Parasites in Cats: Worms, Mites, Ticks, & Fleas
- You can’t treat heartworms in your cat, you can only prevent them
- Ear mites are highly contagious and can move from cat to cat
- Some internal parasites can be transmitted to humans
The Truth about Parasites in Cats
Parasites are organisms that thrive by feeding off of other creatures. Cats can easily fall prey to both internal and external parasites, which pose different challenges when it comes to detection. A close inspection of your cat's skin might uncover traces of external parasites such as ear mites and fleas. But internal parasites, such as ringworms or coccidia, may require some tests to determine medication.
Discover Which Cat Parasite Risks Exist in Your Area
Use this Parasite Prevalence Maps by the Companion Animal Parasite Council (CAPC)* to get important information about your region’s parasite risk.
*Images courtesy of the Companion Animal Parasite Council (CAPC)
Some infected cats have no symptoms. Although infrequent, sudden death is a reported occurrence in cats, as they hide very well more subtle symptoms. The only way to detect and properly treat internal parasites is through testing.
There are many parasites that can be harmful to your cat’s health. Let’s take a closer look at some of them.
Worms in Cats
These tiny worms live inside the blood vessels, and travel to the cat’s lungs. Undetected, they can cause severe health problems and even death. They are transmitted through mosquito bites which means even your indoor cat could be at risk.
Known to cause life-threatening problems in kittens, these large bodied worms average 3-6 inches in length. They do not attach to the wall of the intestine, as some intestinal parasites do— instead they “swim” freely within the intestine. Known to cause abdominal discomfort and vomiting, roundworms are easily treated if detected early enough.
The name “hookworm” is derived from the hook-like mouthparts these parasites use to anchor themselves on the lining of the intestinal wall. So small, they are barely visible to the naked eye, but they feed on the tissue fluids and blood of their host.
Cats commonly contract tapeworms via accidentally ingested fleas. Once the flea is digested by the cat’s intestine, the tapeworm is released into the cat’s system. Eventually segments of the worm pass in the cat’s feces and are visible to the pet owner.
Skin Diseases and Parasites in Cats
Surprisingly, ringworm is not a true worm, but rather a type of fungus. Usually, it doesn’t cause discomfort but it can be easily transmitted to other cats and even humans. Left untreated, it can weaken your cat’s immune system and make it easier for her to contract other, more serious, diseases.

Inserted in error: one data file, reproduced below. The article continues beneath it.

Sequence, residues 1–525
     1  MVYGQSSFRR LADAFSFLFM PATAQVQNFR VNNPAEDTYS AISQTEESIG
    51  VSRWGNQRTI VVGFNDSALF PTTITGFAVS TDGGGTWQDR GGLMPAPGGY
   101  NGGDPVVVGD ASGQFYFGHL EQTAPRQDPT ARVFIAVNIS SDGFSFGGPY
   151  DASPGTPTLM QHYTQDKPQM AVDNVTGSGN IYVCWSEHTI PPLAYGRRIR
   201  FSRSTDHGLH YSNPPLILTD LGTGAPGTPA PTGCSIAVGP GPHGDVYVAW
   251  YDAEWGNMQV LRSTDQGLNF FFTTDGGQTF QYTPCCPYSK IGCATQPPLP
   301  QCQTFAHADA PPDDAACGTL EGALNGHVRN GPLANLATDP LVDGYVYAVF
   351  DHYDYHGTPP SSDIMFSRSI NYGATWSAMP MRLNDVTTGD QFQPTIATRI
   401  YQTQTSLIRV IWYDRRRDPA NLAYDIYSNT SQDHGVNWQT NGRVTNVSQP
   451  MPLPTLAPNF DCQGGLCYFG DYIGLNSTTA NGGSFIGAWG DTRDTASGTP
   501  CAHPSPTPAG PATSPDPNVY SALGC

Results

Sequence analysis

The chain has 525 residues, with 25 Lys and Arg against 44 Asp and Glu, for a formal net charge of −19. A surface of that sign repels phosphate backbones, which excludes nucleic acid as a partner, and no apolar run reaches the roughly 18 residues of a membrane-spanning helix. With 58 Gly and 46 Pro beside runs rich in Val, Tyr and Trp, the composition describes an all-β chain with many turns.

They are found in grassy or wooded areas and can attach themselves to you and your pet as you pass by. Although a tick’s bite does not itself pose a direct threat to your pet’s health, it can transmit serious (and sometimes fatal) diseases such as Lyme disease and Rocky Mountain fever.
As these microscopic parasites feed in a cat’s ear canal, they cause intense itching. A cat suffering from ear mites may be seen repeatedly scratching at her ears or violently shaking her head. If you see dark flecks resembling coffee grounds in your cat’s ears, these are the mites' droppings. Contact your vet for ear drops.
Fleas can make any cat’s life miserable (and their family’s)! These small, blood-sucking insects like to feed on your cat and live anywhere your cat does. Fleas can quickly cause a long-lasting, major infestation in your home. Not only can fleabites cause discomfort, itchiness and severe skin reactions, they can potentially transmit tapeworms if accidently ingested by your cat.
Other Internal Parasitic Cat Diseases
Coccidia are not parasitic intestinal worms. They are microscopic parasites that live within cells of the intestinal lining. Because they live in the intestinal tract and commonly cause diarrhea, they are often confused with worms. In kittens and debilitated adult cats, coccidiosis may cause severe, watery diarrhea, dehydration, abdominal distress, and vomiting.
Three Ways to Protect Against Parasites in Cats
Get your Cat Tested Regularly
While it’s fairly common for a cat to become infected with an internal or external parasite at some point, early treatment is crucial. A harmless parasite left untreated could eventually cause a life-threatening illness for your cat and pose a health risk to your family.
Focus on Prevention First
Preventative medicine is much better option than treatment later. Getting your kitten or cat vaccinated and dewormed regularly allows her immune system to thrive, which most likely translates to your cat needing less care later. Adult cats also benefit from fecal examinations — which allow your vet to diagnose parasites not controlled by monthly medications.
Annual Checkup to Stay Healthy
Bringing your cat to the veterinarian for regular parasite checkups is one of the most important things you can do to keep your pet, and your family, healthy. We offer different programs specifically designed for your cat’s stage of life. Schedule an appointment to find out more.